The Reuters global sports blog
Formula 1 starts 2010 with a headache
Former champion Niki Lauda did not mince his words last year when he said that Formula One’s Singapore Grand Prix race-fixing scandal demanded the heaviest of punishments to restore credibility.
A Times headline called Brazilian Nelson Piquet’s deliberate crash at the 2008 race “the worst act of cheating in the history of sport.”
Renault were handed a suspended permanent ban, with the authorities eager to keep them in the sport, while former team boss Flavio Briatore was barred for life and his engineeering head Pat Symonds for five years.
Piquet, the driver at the eye of the storm, walked away without sanction after being handed immunity for telling the governing FIA how he had obeyed orders to help team mate Fernando Alonso to win the race.
This week’s decision by a Paris court to overturn the bans on Briatore and Symonds leaves the sport’s reputation no stronger.
The worst act of cheating ever in the sport? The biggest let-off, more like.
Sure, Renault have suffered a huge blow to their reputation but their punishment was suspended and will be lifted altogether at the end of next year.
Briatore and Symonds lost their jobs. But it now looks like nobody will actually be punished by the governing body for what happened in Singapore. Piquet is free to race anywhere he can find a drive and Alonso, who was cleared of all involvement early on, has taken up his dream job at Ferrari.
If the latest message from Paris is that the FIA can only sanction member clubs and licence holders as well as its own officials then that poses an almighty headache for a governing body in a sport where safety is a constant concern and a deliberate crash could put lives at risk.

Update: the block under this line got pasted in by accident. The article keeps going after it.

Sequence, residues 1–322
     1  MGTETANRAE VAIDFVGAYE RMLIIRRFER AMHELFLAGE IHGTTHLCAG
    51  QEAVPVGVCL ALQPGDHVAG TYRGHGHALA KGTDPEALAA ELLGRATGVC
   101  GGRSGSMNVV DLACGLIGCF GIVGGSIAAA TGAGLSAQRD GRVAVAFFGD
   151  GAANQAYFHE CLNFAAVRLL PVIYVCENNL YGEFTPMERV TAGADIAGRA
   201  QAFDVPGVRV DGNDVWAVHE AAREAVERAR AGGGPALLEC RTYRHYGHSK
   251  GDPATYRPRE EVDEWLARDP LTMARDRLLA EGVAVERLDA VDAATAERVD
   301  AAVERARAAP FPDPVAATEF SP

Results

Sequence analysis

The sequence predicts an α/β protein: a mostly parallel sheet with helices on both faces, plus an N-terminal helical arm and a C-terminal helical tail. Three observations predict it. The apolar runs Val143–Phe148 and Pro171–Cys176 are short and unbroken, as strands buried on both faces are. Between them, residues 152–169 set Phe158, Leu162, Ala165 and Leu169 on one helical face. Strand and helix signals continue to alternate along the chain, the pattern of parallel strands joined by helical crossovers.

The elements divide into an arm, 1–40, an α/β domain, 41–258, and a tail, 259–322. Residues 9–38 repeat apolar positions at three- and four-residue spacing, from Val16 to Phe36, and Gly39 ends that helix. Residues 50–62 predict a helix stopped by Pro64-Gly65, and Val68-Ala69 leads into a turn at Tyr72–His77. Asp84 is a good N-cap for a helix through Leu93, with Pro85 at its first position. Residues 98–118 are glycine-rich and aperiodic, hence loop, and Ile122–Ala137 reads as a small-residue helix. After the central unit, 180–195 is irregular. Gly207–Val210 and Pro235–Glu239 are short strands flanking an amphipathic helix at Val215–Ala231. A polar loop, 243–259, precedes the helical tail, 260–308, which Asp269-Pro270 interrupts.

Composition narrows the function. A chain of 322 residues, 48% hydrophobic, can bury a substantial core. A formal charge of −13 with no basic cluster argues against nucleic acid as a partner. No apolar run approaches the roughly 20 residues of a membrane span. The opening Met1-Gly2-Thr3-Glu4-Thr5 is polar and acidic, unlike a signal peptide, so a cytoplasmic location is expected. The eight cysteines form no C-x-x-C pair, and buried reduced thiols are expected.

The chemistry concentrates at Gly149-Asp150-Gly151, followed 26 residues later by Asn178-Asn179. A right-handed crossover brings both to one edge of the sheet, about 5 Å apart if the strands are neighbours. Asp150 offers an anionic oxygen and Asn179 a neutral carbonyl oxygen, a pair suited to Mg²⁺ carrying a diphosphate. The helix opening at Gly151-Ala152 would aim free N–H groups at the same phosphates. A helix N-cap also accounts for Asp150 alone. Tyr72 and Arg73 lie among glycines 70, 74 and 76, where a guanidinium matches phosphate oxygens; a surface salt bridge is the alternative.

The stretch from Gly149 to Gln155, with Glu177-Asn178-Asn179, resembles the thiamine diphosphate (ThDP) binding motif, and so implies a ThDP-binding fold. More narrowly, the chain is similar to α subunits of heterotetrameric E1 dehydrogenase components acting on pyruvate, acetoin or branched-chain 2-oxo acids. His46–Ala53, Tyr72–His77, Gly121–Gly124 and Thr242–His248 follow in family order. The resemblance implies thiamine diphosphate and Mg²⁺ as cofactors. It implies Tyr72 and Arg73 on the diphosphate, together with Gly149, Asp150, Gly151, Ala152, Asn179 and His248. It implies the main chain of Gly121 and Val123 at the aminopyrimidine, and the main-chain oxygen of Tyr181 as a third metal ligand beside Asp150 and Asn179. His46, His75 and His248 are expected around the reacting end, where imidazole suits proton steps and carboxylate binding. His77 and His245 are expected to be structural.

As the FIA observed in a statement on Tuesday: “The FIA’s ability to exclude those who intentionally put others’ lives at risk has never before been put into doubt.”
If the court verdict stands, then something must change in the sport and that is likely to mean issuing licences to senior team officials and technicians so that they can be held accountable.
The FIA hinted at this when it said that it would “consider appropriate actions to ensure that no persons who would engage, or who have engaged, in such dangerous activities or acts of intentional cheating will be allowed to participate in Formula One in the future”.
But what if certain drivers want Briatore to remain as their manager? And where does that leave Piquet, who appears to be the one who most obviously engaged in the “dangerous activities or acts of intentional cheating” that the FIA is so keen to stamp out?
The lawyers are going to be kept busy for months to come.
And Formula One starts another season overshadowed by controversy.
Britatore photo by Johannes Eisele, Nuerburgring F1 race track, July 11, 2009